Monday, January 18, 2010

Now we finally see Haiti

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by Jean Lowrie-Chin | Observer column | Monday, January 18, 2010

It was a painful way to get a perspective. Suddenly Jamaicans - possibly the biggest complainers on Planet Earth - were giving thanks that we were spared the 7.0 quake that shook Haiti. By the time Prime Minister Golding faced the microphone on Wednesday evening, his announcement of his Debt Exchange Programme, the imminent downsizing of the public sector and increase in property taxes created barely a ripple.

... Jamaica continues to be its brother's keeper. It was Jamaica who had given temporary asylum to former President Jean-Bertrand Aristide in 2004 after his hurried departure from Haiti, and it was our then Prime Minister PJ Patterson, who, on behalf of Caricom, spoke up for fellow member Haiti.

This week's media coverage showed us the bravery and nobility of the Haitian people. CNN's Anderson Cooper took us through the rescue of a 15-year-old girl who was able to speak strongly after her ordeal, declaring, "I was never afraid." She is of course the descendant of Haiti's great soldiers, led by Toussaint L'Ouverture who defeated Napoleon in 1804, creating the world's first black republic.

On a visit to Haiti in 2006, I described "the touching gentility among even the poorest that I met lining up, waiting without a murmur for up to five hours to finally own a cellphone. And there was the art - fine carving, enchanting pottery, vivid paintings...Their craftsmen could teach ours a thing or two - not one vulgar carving did we see on the sidewalks".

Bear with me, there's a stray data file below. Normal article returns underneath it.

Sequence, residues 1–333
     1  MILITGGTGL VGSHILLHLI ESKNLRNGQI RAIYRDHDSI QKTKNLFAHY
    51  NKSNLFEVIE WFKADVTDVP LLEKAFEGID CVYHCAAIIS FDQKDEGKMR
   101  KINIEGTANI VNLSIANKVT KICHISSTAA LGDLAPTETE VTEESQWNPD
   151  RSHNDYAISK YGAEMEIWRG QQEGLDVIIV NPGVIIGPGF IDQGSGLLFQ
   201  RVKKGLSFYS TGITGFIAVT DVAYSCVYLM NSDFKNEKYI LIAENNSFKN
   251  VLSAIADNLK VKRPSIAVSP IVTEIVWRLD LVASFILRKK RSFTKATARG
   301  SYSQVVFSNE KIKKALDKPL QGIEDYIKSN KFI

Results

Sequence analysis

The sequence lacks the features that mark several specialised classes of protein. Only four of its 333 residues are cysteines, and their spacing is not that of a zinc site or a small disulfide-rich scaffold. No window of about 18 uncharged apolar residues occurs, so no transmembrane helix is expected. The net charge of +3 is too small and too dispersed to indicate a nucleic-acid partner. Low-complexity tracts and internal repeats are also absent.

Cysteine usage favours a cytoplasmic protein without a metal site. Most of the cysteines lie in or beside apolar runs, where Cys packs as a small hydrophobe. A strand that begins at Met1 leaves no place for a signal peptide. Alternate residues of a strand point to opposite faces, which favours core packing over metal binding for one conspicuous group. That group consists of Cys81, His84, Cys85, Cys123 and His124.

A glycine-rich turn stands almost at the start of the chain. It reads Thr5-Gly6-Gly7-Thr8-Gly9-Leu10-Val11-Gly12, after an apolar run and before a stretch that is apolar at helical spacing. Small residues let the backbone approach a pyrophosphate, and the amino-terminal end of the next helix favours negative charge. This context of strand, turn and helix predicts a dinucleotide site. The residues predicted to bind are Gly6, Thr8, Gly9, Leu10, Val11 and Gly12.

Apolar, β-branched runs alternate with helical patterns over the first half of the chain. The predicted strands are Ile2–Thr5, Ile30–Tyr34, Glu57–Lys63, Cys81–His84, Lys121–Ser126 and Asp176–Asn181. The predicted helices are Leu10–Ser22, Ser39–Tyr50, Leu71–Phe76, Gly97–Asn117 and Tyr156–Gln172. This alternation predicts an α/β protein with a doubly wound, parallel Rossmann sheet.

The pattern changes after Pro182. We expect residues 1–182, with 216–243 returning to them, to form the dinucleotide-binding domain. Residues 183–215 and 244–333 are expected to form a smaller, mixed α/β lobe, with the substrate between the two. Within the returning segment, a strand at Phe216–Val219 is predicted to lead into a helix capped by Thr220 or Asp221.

I also described the fashionable side of Haiti, a hillside location where tables were covered with crisp white linen and adorned with deep red roses in crystal. The service there and in other restaurants was impeccable and the ladies were chic and svelte.

The Haitians show incredible forbearance and resourcefulness. I met a well-educated young businessman, the third generation of his family-owned concern, who continued to soldier on. Yes, there is a side of Haiti that never gets press coverage and so we only view the country as one of misery, although it offers so many opportunities.

We hear that an intellectually limited evangelist has been shooting off his mouth about Haiti's earthquake being a punishment for voodoo worship. We in Jamaica had better be careful how we judge others. At least Haiti lost their people to a natural disaster. We have lost 1680 precious souls to violence, so we should be the last ones to talk about retribution.

...Angel Aloma, Food for the Poor executive director wrote from Haiti last week, "The devastation in Haiti challenges the senses... We have a tough road ahead and I am exhausted, but I take comfort in a passage from 2 Corinthians 4:8, "We are pressed on every side by troubles, but we are not crushed and broken. We are perplexed, but we don't give up and quit." Although we are accepting only three items of canned food (canned meat and fish, canned milk), cash is our greatest necessity. We are planning an initial response to this horror of 400 40ft containers of food, water and emergency supplies, followed by lumber and zinc for construction and repair. We have a tough road ahead of us, thank you for travelling it with me."

After three days of being glued to the television and going to work in a twilight zone of grief, I think I am approaching some level of discernment. Perhaps it took this terrible quake to focus the world on a country that has been bleeding unnoticed for too long. Perhaps now the international community will finally carve out a plan to help the beautiful people of Haiti build a strong democracy, finally realising the dream of its legendary liberator.

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